In an opinion piece for the Baltimore Sun, Robin Jacobs, a staff attorney for the Community Law Center, argues that while the tax sale process provides much-needed revenue for local governments, it “exacerbates the adverse effects already felt by communities long struggling with vacant properties or ravaged by recent mortgage foreclosures.”
From the piece,
If the bidder realizes there’s no value to the property at some point in the tax foreclosure process, he may simply walk away, refusing to record a deed, leaving the title to the property clouded and in limbo. Anyone who subsequently wishes to purchase the property must clear the title, a potentially arduous and expensive process.
If no one bids on the property and the local municipality does not foreclose on it, the property simply sits until it cycles back into the tax sale, often after acquiring even more liens.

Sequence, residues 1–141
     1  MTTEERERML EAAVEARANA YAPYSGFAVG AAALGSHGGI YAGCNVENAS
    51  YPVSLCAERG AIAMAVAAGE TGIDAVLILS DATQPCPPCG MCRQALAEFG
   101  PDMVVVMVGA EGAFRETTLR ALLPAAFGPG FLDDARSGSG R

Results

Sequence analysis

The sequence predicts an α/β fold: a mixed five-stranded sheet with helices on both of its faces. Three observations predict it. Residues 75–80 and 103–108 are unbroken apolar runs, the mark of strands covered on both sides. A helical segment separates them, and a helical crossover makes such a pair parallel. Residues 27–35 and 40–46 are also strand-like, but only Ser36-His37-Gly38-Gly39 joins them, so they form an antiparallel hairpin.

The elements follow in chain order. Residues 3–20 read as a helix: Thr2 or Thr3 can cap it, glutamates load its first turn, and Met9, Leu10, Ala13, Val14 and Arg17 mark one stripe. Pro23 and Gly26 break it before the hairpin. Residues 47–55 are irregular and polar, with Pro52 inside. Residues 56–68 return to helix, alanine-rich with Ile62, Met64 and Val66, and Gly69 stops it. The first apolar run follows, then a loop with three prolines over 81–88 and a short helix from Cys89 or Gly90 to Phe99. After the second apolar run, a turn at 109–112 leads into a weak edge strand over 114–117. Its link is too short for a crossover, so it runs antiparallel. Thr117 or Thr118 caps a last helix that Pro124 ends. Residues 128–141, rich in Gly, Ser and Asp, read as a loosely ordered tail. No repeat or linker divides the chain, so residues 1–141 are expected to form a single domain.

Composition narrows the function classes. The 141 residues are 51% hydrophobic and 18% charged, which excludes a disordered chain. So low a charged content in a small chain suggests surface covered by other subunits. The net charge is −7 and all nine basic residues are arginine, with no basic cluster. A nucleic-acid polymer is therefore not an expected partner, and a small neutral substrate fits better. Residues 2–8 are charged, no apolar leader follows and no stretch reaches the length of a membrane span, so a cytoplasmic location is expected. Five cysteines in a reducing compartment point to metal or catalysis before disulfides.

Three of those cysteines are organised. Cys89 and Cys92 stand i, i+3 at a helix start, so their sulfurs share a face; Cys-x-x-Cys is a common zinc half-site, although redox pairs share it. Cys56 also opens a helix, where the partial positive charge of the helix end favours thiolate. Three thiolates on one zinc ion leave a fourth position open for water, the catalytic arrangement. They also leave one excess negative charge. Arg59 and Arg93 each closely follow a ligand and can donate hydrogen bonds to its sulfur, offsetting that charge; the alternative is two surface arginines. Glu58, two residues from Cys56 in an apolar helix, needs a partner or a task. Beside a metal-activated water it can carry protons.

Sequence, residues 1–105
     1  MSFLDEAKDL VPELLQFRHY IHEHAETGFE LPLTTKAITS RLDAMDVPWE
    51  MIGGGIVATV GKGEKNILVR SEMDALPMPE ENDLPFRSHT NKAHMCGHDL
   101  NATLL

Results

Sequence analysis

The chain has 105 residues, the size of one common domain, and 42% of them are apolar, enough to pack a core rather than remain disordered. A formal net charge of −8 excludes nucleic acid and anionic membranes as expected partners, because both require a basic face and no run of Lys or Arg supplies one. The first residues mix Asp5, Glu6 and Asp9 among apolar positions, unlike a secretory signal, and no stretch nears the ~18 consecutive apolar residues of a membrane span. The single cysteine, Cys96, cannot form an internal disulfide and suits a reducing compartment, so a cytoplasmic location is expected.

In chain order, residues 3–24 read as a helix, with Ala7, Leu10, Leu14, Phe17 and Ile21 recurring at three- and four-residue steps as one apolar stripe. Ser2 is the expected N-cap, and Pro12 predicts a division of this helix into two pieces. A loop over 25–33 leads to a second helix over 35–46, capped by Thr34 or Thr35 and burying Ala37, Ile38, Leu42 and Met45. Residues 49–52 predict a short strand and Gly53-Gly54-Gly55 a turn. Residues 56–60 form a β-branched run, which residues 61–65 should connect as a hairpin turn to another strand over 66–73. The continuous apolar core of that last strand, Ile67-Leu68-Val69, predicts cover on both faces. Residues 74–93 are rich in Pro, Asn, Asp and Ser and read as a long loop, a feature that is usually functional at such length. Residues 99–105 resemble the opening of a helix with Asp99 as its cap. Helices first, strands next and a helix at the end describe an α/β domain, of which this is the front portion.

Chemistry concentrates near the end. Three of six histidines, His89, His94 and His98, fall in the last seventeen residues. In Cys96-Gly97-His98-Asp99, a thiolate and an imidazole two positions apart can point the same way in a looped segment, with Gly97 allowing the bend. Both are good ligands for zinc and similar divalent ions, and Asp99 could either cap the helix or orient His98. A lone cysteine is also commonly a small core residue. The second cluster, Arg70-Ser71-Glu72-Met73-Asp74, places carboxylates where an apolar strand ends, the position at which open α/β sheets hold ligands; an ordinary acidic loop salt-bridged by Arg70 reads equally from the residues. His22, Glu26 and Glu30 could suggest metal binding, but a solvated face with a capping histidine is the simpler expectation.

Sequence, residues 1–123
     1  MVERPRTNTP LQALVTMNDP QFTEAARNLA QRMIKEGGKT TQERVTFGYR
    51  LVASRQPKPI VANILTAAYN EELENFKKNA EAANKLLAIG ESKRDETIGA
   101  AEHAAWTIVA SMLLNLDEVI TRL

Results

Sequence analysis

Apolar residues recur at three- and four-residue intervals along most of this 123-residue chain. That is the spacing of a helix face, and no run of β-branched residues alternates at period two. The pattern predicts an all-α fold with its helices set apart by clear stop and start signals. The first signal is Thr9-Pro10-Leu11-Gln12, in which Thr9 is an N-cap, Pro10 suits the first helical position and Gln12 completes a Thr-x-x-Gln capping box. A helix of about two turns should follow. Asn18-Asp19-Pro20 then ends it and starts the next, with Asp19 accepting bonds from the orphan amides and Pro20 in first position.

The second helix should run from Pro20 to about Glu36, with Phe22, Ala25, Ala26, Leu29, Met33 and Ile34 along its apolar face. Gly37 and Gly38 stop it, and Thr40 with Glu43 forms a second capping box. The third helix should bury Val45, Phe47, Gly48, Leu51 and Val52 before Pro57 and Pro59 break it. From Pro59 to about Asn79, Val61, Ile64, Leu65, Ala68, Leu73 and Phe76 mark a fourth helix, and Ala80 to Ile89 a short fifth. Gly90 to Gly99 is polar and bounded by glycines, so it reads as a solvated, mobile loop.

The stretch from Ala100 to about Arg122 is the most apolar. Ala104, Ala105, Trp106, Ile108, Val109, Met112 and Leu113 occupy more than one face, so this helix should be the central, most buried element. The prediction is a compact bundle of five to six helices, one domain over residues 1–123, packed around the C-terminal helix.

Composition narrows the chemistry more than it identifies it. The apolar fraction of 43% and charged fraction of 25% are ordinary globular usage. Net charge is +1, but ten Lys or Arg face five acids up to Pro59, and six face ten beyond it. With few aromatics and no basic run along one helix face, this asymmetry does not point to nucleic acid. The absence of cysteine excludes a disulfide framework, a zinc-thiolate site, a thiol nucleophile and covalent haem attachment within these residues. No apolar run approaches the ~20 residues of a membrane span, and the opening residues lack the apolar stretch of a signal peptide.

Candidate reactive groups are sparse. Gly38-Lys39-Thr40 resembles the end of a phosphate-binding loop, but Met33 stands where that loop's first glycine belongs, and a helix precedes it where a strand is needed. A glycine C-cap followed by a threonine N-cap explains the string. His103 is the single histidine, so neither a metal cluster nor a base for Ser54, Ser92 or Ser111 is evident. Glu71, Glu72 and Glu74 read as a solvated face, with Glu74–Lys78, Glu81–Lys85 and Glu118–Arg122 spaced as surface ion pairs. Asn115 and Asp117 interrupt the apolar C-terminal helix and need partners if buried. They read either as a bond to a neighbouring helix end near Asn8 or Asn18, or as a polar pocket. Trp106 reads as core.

As the liens pile up, and the title becomes tangled, it becomes more and more difficult for reinvestment to take place. A home may become so far underwater that no rational developer or buyer would dream of diving into the depths of debt to save it. Community gardeners may take interest in creating a green space on the site of these vacant properties, but ownership remains out of reach if it takes thousands or even millions to fund their flowers.
Instead of clearing title, promoting reinvestment and furthering productive reuse, the speculation in the tax sale system perpetuates a vicious cycle of vacancy and abandonment. These vacant, abandoned properties become harbingers of crime, fire, trash and further disinvestment.
To address these issues, the Community Law Center has joined with the Baltimore Homeownership Preservation Coalition to convene a work group to study the process and improve the system.
We are looking at innovations that ensure revenue collection while also protecting both homeowners and neighborhoods. Our goals include making the system simpler and more compassionate, transparent, efficient and effective.